Artigo em Inglês | MEDLINE | ID: mdl-25687733

RESUMO

The current state of the art in structural biology is led by NMR, X-ray crystallography and TEM investigations. These powerful tools however all rely on averaging over a large ensemble of molecules. Here, we present an alternative concept aiming at structural analysis at the single molecule level. We show that by combining electron holography and coherent diffraction imaging estimations concerning the phase of the scattered wave become needless as the phase information is extracted from the data directly and unambiguously. Performed with low-energy electrons the resolution of this lens-less microscope is just limited by the De Broglie wavelength of the electron wave and the numerical aperture, given by detector geometry. In imaging freestanding graphene, a resolution of 2Å has been achieved revealing the 660.000 unit cells of the graphene sheet from a single data set. Once applied to individual biomolecules the method shall ultimately allow for non-destructive imaging and imports the potential to distinguish between different conformations of proteins with atomic resolution.


Assuntos
Holografia/métodos , Elétrons , Desenho de Equipamento , Grafite/química , Holografia/instrumentação , Microscopia Eletrônica/instrumentação , Microscopia Eletrônica/métodos , Estrutura Molecular , Proteínas/química , Espalhamento de Radiação
14.
Opt Express ; 22(17): 20994-1003, 2014 Aug 25.
Artigo em Inglês | MEDLINE | ID: mdl-25321300

RESUMO

Holographic particle image velocimetry allows tracking particle trajectories in time and space by means of holography. However, the drawback of the technique is that in the three-dimensional particle distribution reconstructed from a hologram, the individual particles can hardly be resolved due to the superimposed out-of-focus signal from neighboring particles. We demonstrate here a three-dimensional volumetric deconvolution applied to the reconstructed wavefront which results in resolving all particles simultaneously in three-dimensions. Moreover, we apply the three-dimensional volumetric deconvolution to reconstructions of a time-dependent sequence of holograms of an ensemble of polystyrene spheres moving in water. From each hologram we simultaneously resolve all particles in the ensemble in three dimensions and from the sequence of holograms we obtain the time-resolved trajectories of individual polystyrene spheres.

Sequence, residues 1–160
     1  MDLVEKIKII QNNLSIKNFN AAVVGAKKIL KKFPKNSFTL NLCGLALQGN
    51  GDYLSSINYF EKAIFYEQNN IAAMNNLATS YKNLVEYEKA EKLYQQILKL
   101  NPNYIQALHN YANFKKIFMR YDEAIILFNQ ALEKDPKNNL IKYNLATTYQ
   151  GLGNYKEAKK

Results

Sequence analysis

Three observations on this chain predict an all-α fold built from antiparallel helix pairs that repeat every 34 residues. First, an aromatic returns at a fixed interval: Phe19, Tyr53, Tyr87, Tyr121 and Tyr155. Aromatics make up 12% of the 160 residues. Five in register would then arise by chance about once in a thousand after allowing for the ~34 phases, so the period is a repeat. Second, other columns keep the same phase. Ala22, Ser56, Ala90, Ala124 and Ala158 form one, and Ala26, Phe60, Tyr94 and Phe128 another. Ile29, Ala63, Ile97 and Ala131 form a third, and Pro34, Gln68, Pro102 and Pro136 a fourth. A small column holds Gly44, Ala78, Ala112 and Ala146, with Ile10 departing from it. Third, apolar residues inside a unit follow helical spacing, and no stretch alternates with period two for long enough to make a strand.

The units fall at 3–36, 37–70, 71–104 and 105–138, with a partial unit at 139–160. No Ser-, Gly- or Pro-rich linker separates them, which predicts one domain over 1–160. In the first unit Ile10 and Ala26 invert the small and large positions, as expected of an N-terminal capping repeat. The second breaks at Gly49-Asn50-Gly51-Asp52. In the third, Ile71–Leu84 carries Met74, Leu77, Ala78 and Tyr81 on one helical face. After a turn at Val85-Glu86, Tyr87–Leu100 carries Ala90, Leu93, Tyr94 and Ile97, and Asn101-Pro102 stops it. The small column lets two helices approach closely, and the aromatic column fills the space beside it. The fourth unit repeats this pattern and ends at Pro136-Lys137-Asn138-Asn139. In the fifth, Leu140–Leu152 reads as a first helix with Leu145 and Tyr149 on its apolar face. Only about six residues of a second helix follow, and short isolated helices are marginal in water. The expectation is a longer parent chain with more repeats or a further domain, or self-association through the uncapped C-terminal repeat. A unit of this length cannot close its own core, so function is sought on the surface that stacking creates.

15.
Ultramicroscopy ; 145: 80-4, 2014 Oct.
Artigo em Inglês | MEDLINE | ID: mdl-24503115

RESUMO

An ideal support for an electron microscopy should be as thin as possible and be able to interact as little as possible with the primary electrons. Since graphene is atomically thin and made up of carbon atoms arranged in a honeycomb lattice, the potential to use graphene as a substrate in electron microscopy is enormous. Until now graphene has hardly ever been used for this purpose because the cleanliness of freestanding graphene before or after deposition of the objects of interest was insufficient. We demonstrate here by means of low-energy electron holographic imaging that freestanding graphene prepared with a platinum-metal catalysis method remains ultraclean even after re-exposure to ambient conditions and deposition of gold nanorods from the liquid phase. In the holographic reconstruction of gold particles the organic shell surrounding the objects is apparent while it is not detectable in SEM images of the very same sample, demonstrating the tremendous potential of low-energy electron holography for imaging of graphene-supported single biomolecules.